Trump renominates 51 judges

Today, President Trump renominated 51 candidates for the federal judiciary. The list of nominees is here.

Trump had to renominate these candidates because they had not been confirmed when the last Session of Congress ended. We can thank Jeff Flake and the Senate Democrats for this.

Most the 51 nominees are for district court judgeships. Perhaps the most noteworthy of these is Brian Buescher of Nebraska. He’s the one Sens. Hirono and Harris attacked for his membership in the Knights of Columbus.

The list includes nine nominees for courts of appeals judgeships. They are:

Bridget Bade (9th Circuit)
Joseph Bianco (2nd Circuit)
Paul Matey (3rd Circuit)
Eric Miller (9th Circuit)
Eric Murphy (6th Circuit)
Michael Park (2nd Circuit)
Neomi Rao (D.C. Circuit)
Chad Readler (6th Circuit)
Allison Jones Rushing (4th Circuit)

Neomi Rao is perhaps the most important of these nominees because of the special importance of the D.C. Circuit and because of Rao’s expertise regarding the administrative state. At the Scalia School of Law (also known as George Mason), she founded the Center for the Study of the Administrative State. More recently, she has served President Trump as administrator of the Office of Information and Regulatory Affairs (OIRA), focusing on regulatory reform.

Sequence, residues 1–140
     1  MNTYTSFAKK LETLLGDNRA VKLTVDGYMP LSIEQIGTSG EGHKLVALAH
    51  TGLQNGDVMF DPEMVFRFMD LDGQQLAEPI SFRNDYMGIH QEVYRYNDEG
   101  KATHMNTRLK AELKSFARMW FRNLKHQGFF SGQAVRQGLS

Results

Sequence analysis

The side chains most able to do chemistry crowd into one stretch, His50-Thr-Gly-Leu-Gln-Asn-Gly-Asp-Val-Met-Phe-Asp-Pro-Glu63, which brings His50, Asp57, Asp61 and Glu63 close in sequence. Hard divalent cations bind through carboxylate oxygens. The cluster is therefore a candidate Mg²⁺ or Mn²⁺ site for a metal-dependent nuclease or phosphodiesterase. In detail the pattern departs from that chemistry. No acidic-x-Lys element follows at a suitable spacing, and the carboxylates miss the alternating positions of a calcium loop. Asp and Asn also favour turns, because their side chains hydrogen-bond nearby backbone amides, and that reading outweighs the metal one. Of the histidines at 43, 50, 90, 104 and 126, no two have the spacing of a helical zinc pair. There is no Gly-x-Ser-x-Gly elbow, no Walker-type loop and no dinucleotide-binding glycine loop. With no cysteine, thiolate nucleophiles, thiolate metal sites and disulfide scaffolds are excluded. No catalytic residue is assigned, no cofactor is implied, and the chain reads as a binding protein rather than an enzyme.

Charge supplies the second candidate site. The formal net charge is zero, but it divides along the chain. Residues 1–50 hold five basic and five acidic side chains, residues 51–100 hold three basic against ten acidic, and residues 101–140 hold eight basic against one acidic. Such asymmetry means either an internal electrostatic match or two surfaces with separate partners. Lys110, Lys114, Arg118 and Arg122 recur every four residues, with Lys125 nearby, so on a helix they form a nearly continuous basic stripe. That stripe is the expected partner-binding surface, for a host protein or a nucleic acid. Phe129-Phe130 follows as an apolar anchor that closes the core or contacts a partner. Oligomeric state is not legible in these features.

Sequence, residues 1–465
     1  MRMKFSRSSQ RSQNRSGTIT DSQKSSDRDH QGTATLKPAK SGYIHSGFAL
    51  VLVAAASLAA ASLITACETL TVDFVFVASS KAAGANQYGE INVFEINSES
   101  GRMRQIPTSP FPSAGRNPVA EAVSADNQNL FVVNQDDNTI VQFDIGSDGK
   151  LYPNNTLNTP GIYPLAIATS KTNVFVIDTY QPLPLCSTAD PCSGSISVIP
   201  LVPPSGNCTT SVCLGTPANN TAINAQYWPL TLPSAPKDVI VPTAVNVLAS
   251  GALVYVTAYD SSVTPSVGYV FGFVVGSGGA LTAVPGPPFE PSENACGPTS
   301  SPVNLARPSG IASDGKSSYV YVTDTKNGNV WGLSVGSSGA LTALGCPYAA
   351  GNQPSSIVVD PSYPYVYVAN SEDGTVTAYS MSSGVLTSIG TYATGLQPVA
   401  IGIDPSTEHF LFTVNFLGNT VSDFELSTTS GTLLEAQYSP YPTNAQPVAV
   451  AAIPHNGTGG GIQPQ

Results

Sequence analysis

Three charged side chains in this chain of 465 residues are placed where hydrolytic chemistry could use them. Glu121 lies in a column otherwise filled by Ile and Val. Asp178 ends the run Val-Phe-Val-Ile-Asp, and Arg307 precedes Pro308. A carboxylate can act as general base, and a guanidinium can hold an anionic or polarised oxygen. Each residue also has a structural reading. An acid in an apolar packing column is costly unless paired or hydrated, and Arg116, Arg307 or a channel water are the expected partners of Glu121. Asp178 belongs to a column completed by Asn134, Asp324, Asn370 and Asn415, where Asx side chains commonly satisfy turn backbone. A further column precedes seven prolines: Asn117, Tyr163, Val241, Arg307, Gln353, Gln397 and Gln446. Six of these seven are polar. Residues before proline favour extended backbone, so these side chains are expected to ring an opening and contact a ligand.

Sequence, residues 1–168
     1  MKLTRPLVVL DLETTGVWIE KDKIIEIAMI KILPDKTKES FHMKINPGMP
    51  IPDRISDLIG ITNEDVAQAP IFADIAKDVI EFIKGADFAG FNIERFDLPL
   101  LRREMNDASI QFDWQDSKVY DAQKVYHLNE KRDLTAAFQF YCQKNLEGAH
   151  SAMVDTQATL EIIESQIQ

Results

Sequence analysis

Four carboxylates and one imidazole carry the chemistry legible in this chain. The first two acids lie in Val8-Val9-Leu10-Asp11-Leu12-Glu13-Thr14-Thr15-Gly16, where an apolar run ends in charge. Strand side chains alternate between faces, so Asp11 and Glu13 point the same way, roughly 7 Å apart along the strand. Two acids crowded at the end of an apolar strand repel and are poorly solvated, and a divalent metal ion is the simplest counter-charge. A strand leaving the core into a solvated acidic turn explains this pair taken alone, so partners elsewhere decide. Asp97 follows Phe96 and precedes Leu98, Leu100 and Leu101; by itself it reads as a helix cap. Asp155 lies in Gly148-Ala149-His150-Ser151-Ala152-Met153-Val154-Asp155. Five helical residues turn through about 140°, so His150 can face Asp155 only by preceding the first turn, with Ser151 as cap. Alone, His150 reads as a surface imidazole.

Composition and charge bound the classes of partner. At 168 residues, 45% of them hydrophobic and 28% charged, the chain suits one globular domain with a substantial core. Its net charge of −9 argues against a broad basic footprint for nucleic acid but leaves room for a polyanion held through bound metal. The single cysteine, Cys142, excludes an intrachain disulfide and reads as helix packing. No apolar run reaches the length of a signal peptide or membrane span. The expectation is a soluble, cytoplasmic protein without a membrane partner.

Naturally, the left is smearing her. Carrie Severino writes about that effort here.

Rao’s critics are focusing on “inflammatory op-eds” she wrote while in college. There’s nothing per se wrong with college students writing inflammatory op-eds. Nor is there anything wrong with the op-eds Rao wrote. As Severino shows, claims to the contrary are based on distortions of her articles.

The Senate needs to vote on these nominees promptly because there will be more coming. Vacancies in the federal judiciary still abound.

If Democrats continue to slow down the process by demanding 30 hours of floor debate on all or most of the district court renominees, Republicans should change the rules and limit floor debate on these nominees to two or three hours. I made the case for this move here.

With the House under Democratic control, Congress will be unable to enact much substantive legislation this year. Thus, the best use of the Senate’s time is to get Trump’s judicial nominees confirmed. This should be priority #1.

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